Cascade Imaging Auburn Diagnostic Testing Facility
Seattle Cancer Care Alliance Seattle Acute Care Hospital
Eastside Hospital and Specialty Center Redmond Acute Care Hospital
Swedish Medical Center / Cherry Hill Campus Seattle Acute Care Hospital

CT Scan Introduction

CT scans (CAT Scan) use special x-ray equipment to produce multiple pictures of the inside of the body. Software joins the pictures together in cross-sectional views for detailed examination. CT scans can be used to view internal organs, bone, soft tissue and blood vessels. These scans provide greater clarity than conventional x-ray exams. Often a special dye, called contrast, may be ingested to further enhance the scan images and the various structural relationships of the areas of interest. so that specific areas inside the body are highlighted. CT scans are often used to defining the structural relationships of the spin, the spinal cord, and its nerves. CT scans are also used in the chest to identify tumors, cysts, or infections that may be suspected on a chest x-ray. CT scans of the abdomen are extremely helpful in defining body organ anatomy, including visualizing the liver, gallbladder, pancreas, spleen, aorta, kidneys, uterus, and ovaries. CT scans in this area are used to verify the presence or absence of tumor, infection, abnormal anatomy, or changes of the body from trauma.

CT Scan Patient Preparation

Most facilities recommend that you limit eating and drinking prior to your CT scan. Try to reduce the amount of caffeine or sugar you consumer the day prior to your CT scan. Do not take liquid pills the morning of your exam. Other medications may be taken with water. Bring a list of all your medications with you for review by the facility. Wear loose and comfortable clothing, although depending upon the test some patients may be asked to change into a hospital gown for the examination. Do not take liquid pills the morning of your exam. Other medications may be taken with water. Bring a list of all your medications with you for review by the facility.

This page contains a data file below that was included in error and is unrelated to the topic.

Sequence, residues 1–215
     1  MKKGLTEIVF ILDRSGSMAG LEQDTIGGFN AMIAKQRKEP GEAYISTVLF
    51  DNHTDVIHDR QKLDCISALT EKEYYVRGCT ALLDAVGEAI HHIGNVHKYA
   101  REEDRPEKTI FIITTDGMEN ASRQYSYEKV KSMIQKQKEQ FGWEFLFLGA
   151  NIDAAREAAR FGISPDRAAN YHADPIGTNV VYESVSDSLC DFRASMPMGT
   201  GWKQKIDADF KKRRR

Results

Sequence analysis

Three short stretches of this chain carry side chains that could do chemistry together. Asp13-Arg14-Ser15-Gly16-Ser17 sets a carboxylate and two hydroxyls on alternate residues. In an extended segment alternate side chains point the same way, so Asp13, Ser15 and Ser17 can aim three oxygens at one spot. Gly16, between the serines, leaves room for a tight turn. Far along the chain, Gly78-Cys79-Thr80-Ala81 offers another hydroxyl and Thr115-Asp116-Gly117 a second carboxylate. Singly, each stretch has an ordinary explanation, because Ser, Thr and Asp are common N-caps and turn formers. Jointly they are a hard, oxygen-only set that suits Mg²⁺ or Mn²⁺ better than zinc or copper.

What to expect during and after a CAT Scan

The overall preparation and CT scan testing visit will take approximately 2 hours. Wear comfortable cloths. You may be required to change into a gown. Once you arrive at the CT scan facility you may receive a contrast agent (a liquid that enhances imaging of certain organs or blood vessels). Depending upon the type of CT scan the contrast agent may be administered orally, intravenously, or as an enema. The contrast agent will take about 45 minutes to properly distribute throughout your body. At the time of the procedure you will be asked to remove any clothing, jewelry, or other objects that might interfere with the procedure which include dentures, eyeglasses, metal zippers and buttons. Upon entering the testing room you will be asked to lay down on the scanner bed. It is important that you lay still during the scan. If it is painful to lay flat and still on your back make sure you bring some form of pain medication. Make sure you tell the doctor or technician that you plan to take pain medication prior to having the test performed.

Once the procedure is complete, you will be asked to wait until the technologist determines that the images are of high enough quality for the radiologist to read. Your CT scan will be interpreted by a trained radiologist and results are typically sent to the referring physician within 24-48 hours.